Noodler: In Praise of Noodle Soup

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In Brooklyn, there is no shortage of restaurants that serve fortifying bowls of ramen. Ganso, Chuko, Samurai Mama, Zuzu Ramen, Okonomi—all offer delicious, perfectly-salty, fulfilling soup experiences.

But Michele Humes—writer, resident of Fort Greene, and Hong Kong native who grew up slurping delicious rice vermicelli—wants us to broaden our soup-loving horizons. She wants them to encompass more than just ramen, more than pho, and she wants us to know how to make all these noodles in broth, too. So like any smart person in 2016, she made an app. Noodler—available on iTunes and, just now on Android (and coded by friend Joshua Sierles)—celebrates the inherent beauty of noodle soups (it features her own gorgeous illustrations of recipes and ingredients) and is an easy-to-use guide for creating, preparing, and cooking up to 3 million versions of life-giving bowls of broth, toppings, and noodles.

Humes’s childhood rice vermicelli staple—chicken broth, topped with poached shrimp, bok choy, and chopped scallions—came to the dinner table courtesy of her mom. “During some tough times in my childhood, noodle soup was the quick but respectable thing my single mother got on the table many nights, and it’s had a sort of holy significance for me ever since,” she says.

But when Humes moved herself to Brooklyn ten years ago, what did she find? “A noodle soup desert.” Even today, says Humes, finding hearty noodle soup bowls isn’t the easiest, even at more ubiquitous Chinese takeout counters. Plus, the noodle scene that has emerged in the past decade, as mentioned, skews ramen- or pho-heavy. A shame! Because noodle soup can be so much more. “I built an app dedicated to the beauty of noodle soup because it really is my favorite food in the world,” says Humes.

So how does it work? Noodler suggests recipes with different noodle types, broths, and ingredients in non-linear models, in order to promote maximum creativity and flexibility. So, for example, after scrolling through many prettily-illustrated bowls, you can tap on one that makes you drool, press “cook,” and a screen like this will emerge:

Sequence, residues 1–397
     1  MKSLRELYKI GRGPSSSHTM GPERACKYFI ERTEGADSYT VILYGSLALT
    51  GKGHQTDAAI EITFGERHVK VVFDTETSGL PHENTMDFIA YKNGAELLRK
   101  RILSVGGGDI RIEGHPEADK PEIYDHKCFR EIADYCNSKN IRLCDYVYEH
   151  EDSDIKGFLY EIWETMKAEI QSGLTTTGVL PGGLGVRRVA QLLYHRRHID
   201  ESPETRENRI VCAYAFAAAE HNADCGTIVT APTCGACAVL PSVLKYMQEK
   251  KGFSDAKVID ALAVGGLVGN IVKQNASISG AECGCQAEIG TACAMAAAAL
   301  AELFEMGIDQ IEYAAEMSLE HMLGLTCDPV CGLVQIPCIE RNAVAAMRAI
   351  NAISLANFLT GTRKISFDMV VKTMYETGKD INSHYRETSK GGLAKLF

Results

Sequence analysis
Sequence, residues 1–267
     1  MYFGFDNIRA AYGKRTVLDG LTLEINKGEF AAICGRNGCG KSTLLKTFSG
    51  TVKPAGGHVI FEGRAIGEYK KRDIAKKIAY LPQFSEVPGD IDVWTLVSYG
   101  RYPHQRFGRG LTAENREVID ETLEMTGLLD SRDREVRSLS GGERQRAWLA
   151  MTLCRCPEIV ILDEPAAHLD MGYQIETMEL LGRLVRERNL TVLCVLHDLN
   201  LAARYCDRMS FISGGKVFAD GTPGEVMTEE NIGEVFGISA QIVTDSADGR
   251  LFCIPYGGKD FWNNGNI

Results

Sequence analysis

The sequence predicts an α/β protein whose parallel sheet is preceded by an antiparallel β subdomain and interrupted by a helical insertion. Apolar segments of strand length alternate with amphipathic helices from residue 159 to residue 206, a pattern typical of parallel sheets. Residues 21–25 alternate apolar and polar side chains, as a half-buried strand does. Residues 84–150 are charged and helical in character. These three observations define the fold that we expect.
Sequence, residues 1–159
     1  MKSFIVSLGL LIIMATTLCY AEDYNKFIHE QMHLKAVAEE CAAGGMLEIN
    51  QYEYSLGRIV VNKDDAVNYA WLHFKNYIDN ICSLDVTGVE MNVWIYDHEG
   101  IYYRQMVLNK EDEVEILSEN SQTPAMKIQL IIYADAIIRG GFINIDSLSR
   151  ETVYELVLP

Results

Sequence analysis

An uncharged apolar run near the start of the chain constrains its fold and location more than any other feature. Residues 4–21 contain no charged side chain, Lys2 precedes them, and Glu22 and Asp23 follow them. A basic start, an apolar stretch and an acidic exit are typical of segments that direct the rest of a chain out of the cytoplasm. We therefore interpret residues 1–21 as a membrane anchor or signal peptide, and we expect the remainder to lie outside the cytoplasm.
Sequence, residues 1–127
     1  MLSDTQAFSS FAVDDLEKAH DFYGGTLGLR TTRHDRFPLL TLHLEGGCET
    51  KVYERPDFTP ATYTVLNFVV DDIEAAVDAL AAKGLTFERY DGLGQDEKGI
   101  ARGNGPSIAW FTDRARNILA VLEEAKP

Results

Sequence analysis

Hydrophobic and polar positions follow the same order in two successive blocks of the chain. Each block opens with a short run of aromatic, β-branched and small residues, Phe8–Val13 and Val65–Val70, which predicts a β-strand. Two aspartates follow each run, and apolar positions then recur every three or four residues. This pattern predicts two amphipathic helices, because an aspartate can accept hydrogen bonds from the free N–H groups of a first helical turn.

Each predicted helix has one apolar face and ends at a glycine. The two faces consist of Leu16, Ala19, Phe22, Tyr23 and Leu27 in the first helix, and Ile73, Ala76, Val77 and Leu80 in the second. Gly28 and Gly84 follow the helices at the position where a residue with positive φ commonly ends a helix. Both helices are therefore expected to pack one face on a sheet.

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You select any ingredient—say the butternut squash—and a brand new list of recipes, variations, and tips for preparing and cooking with that ingredient will populate. Combinations are machine-generated but curated by chefs; Humes imposes rules so no straight-up bad pairings ever result (shrimp would never be added to beef broth, or hoisin sauce to miso). It’s flexible recipe making, ingredient preparation reference, and inspiration, all in one.

Ultimately, bases of soba, egg noodles, glass noodles, instant ramen, rice stick, rice vermicelli, and udon, added to ingredients like bok choy, shallots, collard greens, pork tenderloin, and all plopped into different broth bases really do yield 3 million different bowls of holy noodle soups.

“I really believe in noodle soup as a sort of neutral format or canvas—rather like a sandwich in that way,” says Humes. “In the section of the app titled ’10 Principles of Excellent Noodle Soup,’ principle no. 6 is “Don’t feel restricted to ‘Asian’ toppings and seasonings.’ I then encourage people to remake their Thanksgiving leftovers as noodle soup.”

In the end, Brooklyn, this is just another way for you to go forth and do what you like best: be creative, and eat. So have fun, and never find yourself in a soup desert again.

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